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It’s great to be here in Melbourne for the Rainbow Labor National Day of Action and Campaign Launch.
It’s great to be among fellow activists, campaigners and supporters of the LGBTI community, and the Labor Party.
We are here because we know that our Party, the Labor Party, is the party of progress.
We are here because we believe the quality of a relationship is not defined by gender or sexual orientation, but by markers such as love, respect and commitment.
Because we believe love is love.
We are here because we are a part of the movement towards equality.
This unstoppable movement towards equality, towards acceptance and towards understanding.
We are here because we reject hatred, we reject bigotry and we reject discrimination.
But most of all we are here because we believe in a principle – the principle of equality.
In less than a generation the Australian community has come a long way.
In less than a generation our Parliaments have reformed many of our laws.
It was just over 40 years ago that homosexuality was still illegal in all Australian states.
In 1975, the South Australian Labor Government, led by pioneering Premier Don Dunstan, decriminalized male homosexuality.
In many ways this was the beginning of a national journey of acceptance and tolerance.
And throughout the journey Labor has been there fighting alongside LGBTI Australians for progressive change.
Eleven years after Don’s victory in South Australia, Federal Labor declared anti-gay discrimination to be a breach of human rights.
In 1992, Labor ended anti-gay discrimination in the Australian Defence Force.
In 1994, under a Labor Government, Australia became the first country in the world to pass sexual privacy laws.
And, after coming to Government in 2007, Labor again took up the fight for the LGBTI community.
In 2008, Labor removed discrimination in 85 pieces of federal legislation.
Amendments, which came into force in 2009, gave same-sex couples access to the Family Court.
They provided same-sex couples and their children recognition for Centrelink benefits, family payments and child support.
They recognized same-sex couples and their children as a ‘family unit’ for accessing the Medicare and PBS safety nets
They ensured that same-sex couples were able to access the same tax concessions available to opposite sex couples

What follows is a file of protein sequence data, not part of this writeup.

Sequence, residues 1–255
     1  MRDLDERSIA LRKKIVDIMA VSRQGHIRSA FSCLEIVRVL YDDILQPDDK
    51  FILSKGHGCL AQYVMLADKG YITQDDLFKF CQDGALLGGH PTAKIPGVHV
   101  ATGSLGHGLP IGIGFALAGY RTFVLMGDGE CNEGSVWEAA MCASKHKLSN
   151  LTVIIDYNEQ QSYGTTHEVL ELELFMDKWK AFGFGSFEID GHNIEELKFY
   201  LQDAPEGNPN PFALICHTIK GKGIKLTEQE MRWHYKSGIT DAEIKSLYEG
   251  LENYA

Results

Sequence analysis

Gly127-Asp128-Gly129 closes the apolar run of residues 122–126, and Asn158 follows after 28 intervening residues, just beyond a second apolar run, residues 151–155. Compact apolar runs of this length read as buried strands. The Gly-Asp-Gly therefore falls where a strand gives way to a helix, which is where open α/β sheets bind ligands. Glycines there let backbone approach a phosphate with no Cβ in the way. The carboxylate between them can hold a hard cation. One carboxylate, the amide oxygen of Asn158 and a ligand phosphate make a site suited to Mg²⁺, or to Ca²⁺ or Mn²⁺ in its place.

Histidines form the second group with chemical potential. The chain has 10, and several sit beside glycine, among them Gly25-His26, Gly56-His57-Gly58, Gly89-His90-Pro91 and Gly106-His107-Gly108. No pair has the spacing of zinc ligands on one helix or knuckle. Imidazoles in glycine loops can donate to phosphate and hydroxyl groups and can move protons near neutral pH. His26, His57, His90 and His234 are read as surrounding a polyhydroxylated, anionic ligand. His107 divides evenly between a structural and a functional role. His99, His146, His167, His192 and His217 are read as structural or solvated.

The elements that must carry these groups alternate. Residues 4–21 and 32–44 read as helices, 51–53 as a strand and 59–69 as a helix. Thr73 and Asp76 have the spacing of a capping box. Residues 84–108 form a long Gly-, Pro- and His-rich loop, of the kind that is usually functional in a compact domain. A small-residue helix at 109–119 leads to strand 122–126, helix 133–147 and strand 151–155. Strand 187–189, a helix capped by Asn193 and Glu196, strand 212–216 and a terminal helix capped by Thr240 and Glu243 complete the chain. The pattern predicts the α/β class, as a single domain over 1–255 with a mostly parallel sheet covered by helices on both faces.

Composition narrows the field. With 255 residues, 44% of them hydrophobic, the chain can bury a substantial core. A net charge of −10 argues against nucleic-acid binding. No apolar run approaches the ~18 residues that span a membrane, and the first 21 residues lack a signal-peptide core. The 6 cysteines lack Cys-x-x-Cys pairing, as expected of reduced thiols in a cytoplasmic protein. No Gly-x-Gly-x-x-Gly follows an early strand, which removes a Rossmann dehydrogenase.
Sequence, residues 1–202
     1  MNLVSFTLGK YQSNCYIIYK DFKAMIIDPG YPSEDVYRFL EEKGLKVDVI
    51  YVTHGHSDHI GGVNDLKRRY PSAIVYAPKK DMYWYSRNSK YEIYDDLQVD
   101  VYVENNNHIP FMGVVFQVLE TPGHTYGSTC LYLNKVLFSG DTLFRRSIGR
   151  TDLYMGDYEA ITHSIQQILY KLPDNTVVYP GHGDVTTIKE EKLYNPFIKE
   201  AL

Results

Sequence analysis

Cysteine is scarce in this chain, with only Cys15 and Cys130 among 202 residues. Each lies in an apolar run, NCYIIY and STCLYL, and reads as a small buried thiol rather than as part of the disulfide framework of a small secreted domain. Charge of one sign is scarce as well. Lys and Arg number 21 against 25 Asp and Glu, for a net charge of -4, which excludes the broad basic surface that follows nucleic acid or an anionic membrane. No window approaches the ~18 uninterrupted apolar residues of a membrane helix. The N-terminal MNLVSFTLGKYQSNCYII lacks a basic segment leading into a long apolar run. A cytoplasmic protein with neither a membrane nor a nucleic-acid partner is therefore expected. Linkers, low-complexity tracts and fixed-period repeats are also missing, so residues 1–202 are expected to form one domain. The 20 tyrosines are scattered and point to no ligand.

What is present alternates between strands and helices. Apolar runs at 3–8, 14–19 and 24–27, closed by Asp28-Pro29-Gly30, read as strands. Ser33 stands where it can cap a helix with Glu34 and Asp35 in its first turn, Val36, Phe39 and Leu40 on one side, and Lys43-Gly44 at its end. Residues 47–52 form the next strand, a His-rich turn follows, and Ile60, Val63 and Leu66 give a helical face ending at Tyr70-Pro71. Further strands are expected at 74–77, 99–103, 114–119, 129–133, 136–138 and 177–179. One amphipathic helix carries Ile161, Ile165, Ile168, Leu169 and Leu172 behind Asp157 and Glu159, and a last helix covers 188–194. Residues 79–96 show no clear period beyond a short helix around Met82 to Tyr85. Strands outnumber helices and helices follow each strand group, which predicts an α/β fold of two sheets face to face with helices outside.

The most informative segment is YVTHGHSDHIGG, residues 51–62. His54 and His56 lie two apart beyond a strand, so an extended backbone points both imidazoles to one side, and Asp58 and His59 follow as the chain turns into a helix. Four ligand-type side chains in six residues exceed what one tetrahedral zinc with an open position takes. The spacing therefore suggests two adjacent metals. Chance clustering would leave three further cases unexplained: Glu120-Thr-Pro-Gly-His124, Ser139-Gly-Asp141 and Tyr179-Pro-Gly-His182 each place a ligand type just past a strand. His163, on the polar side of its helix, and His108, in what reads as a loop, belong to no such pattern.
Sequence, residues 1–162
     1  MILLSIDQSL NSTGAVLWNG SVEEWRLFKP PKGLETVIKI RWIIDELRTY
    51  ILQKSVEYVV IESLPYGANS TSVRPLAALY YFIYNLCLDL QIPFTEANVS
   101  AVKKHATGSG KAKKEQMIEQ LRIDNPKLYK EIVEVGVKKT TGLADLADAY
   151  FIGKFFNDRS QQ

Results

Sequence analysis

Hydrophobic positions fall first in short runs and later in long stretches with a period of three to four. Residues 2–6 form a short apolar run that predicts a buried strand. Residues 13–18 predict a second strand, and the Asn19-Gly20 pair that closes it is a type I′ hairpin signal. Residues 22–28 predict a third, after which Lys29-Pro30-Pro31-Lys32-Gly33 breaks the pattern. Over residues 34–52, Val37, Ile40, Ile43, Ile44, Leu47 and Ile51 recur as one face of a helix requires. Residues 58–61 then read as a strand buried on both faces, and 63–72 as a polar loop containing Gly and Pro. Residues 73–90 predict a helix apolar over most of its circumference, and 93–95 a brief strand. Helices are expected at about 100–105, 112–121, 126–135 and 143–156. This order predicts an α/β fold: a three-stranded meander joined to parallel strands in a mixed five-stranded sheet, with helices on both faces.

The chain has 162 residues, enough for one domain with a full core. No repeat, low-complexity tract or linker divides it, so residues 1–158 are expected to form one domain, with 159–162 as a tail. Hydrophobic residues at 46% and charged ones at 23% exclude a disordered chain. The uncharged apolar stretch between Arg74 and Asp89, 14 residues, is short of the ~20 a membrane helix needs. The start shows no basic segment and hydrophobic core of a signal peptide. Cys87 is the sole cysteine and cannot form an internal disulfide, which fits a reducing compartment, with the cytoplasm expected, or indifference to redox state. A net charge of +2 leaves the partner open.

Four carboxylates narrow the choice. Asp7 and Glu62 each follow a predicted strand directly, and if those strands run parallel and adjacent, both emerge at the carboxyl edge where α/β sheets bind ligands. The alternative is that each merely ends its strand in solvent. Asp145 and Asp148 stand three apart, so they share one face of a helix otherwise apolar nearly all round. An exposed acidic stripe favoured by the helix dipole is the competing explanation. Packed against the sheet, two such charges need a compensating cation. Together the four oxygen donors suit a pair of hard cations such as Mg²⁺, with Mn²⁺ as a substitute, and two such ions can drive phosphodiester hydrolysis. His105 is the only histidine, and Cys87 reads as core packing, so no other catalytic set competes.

And they enabled the same-sex partners of impaired or deceased Defence Force members or veterans to access pensions and other entitlements
In 2012, Labor amended policy, giving certificates of no-impediment to same-sex couples wanting to marry overseas.
That same year Mark Butler announced the development of the first National LGBTI Ageing and Aged Care Strategy.
In 2013, we extended our paid parental leave scheme to same-sex couples.
In the same year Labor legislated protections against discrimination based on sexual orientation, gender identity and intersex status.
And we funded the Safe Schools Coalition.
We funded Safe Schools not to make a political statement, but to keep our kids safe.
We needn’t look further than Victoria’s own Labor Government to see the transformational impact a Labor Government can have.
In just over 12 months Premier Andrews and his team have made an indelible mark on the lives of all LGBTI Victorians.
Premier Andrews has spoken out strongly against hatred and bigotry.
But the work of this Government is in not only their words, but importantly, their actions.
The Government has invested to ensure LGBTI Victorians have equal access to education and health services, exemplified by their investment of $15 million in Australia’s first pride centre.
Thank you Dan. You provide us all an example of what it is that Labor stands for and what we seek to do in government.
Our community has come a long way in less than a generation.
I see it in the change in attitudes since I was first elected to our Federal Parliament.
In the easy going acceptance of the families and staff at our childcare centre.
In the generosity of the men and women who stop me in the street, or at the airport, from all walks of life, who tell me to press on.
In the kind emails and cards, and gifts received when our daughters were born, not only from friends, but from strangers.
And I see it in the many who have joined the campaign for equality.
Activists, business leaders, unionists, sporting heroes, the parents of gay and lesbian children, and so many more, have voiced their support for equality.
But we here today all know that change doesn’t come easily.
Change is never inevitable.
Change always has to be fought for and campaigned for.
I honour those, some of whom are here today, who have gone before, who have done so much to address inequality in our society, to stand up for the rights of LGBTI Australians.
The truth is that without activists like those within this room, and like those who have come before us, we wouldn’t be talking about marriage equality.
In 2011 the Labor Party embraced support for marriage equality in our platform.
We won that debate because people in this room, and those who came before us, Rainbow Labor members and activists from across the party, unions from across the party, stood with us and said we stand for equality.
For that I thank you.
But there is more to do. There is always more to do.
The simple truth is that we are not equal before the law.
Great progress has been made in the fight for a fairer Australia for LGBTI Australians.
But that fight is far from over.
Lesbian, gay, bisexual, transsexual, and intersex Australians continue to face discrimination in many areas of their life.
The La Trobe University’s research indicates a significant number of LGBTI Australians ‘occasionally’ or ‘usually’ hide their sexuality or gender identity.